The implications of that "fullness of act" deserve a separate post,
which I shall compose, for they bear on 'not this, not this' and my own
confessions in The Wild Song of Standing Free.

In the next Chapter, Roberts elaborates on further portions of her
journey. I have been reading the scholarly Lists of Donmeh and Advaitin,
and find Roberts confessions so refreshing compared to the rigid and dry
scholarly offerings.

Questions and Comments

This Chapter takes a question/answer form toward further elaborating
certain points of Roberts' journey. A few selections are summarized

Roberts notes a change in perception of Oneness. Initially that
perception saw the giving way of the sensory to Oneness, or perception
of individuality shifting to perception of Oneness.

At the end of the journey, the reverse takes place: the initial
perception is of Oneness, and then that of separate form. Although with
time, Roberts reports, form becomes harder and harder to see.
Roberts also tells that despite the toll the journey had taken on her
psyche and ability to function day-to-day, her friends noticed nothing
unusual about her at all.

Roberts feels this is accounted for by her nature, preparation and
temperament, being an extreme realist, a mother of four, and a
contemplative familiar with and trusting in the ways of God.

On the practical level, there was no confusion, and on the impractical
level there was disorder and confusion stabilized and neutralized by the
existence of the now moment, the stillness of the mind.

Yet, even, while there is the now moment, it has its own time, Roberts
says, and time is an important factor, as acclimation to the stages of
the falling away of the self, is necessary.
Next Roberts clarifies "doing." Though John of the Cross speaks of the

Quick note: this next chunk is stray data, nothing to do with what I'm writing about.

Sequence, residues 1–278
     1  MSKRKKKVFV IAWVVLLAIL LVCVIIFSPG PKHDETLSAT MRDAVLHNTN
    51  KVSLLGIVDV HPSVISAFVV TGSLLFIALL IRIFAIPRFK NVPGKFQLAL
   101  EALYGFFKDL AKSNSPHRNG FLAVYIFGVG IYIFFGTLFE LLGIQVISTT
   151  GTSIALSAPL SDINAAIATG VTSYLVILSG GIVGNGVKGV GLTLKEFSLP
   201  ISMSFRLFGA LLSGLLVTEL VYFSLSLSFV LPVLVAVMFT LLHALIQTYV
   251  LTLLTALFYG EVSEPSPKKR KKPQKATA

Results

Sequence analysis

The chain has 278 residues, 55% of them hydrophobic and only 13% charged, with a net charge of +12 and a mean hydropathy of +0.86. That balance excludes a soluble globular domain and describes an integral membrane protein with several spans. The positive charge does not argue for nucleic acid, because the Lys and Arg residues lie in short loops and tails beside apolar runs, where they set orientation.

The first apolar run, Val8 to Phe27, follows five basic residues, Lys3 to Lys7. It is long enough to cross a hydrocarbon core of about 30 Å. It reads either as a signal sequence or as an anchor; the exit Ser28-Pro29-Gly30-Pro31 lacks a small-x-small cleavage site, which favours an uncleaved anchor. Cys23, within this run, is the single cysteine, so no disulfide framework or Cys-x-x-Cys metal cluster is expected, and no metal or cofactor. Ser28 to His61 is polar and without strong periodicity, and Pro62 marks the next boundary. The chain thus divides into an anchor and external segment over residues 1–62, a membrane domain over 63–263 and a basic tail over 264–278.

"perfect act," which is an act of love prompted out of union with God,
and which occurs as an outward flow no matter what a person is actually
doing, whether sitting with a friend or doing the dishes. It is a giving
that is the yield of union.

"Doing," however, as Roberts speaks of it, is not based on such a union,
therefore there is no outward flow created. "Doing" is not such an
energy phenomenon depending upon two states: the self and God. "Doing"
is identical to existence; it is without will.

Roberts compares this natural "doing" of the no-self to the "doing" that
occurs in the bodies cells and organs.
Moving to another subject, she talks about Christian experience for the
first time in the book. She says Christian experience, with the help of
God, both inwardly as stillness, and outwardly as the Eucharist, can
lead to the self's union with God.

Roberts expressed the need to articulate and explore the journey form
self to no-self. Even though such a description may not help someone in
the midst of such a passage, a person will at least know that it exists
and that is difficult, and requires time and acclimation.

She says Christ demonstrated this journey or passage from self to
no-self through action, by ending his life on the cross. The road to a
new life is not bliss; it is a complete and often difficult death,
difficult for Christ, "the greatest of selves," and it is Christ's
realistic message to those who would take the journey to no-self,
Roberts says.

The next Chapter delves into the place of Christ in her journey.

What is Christ (Part One)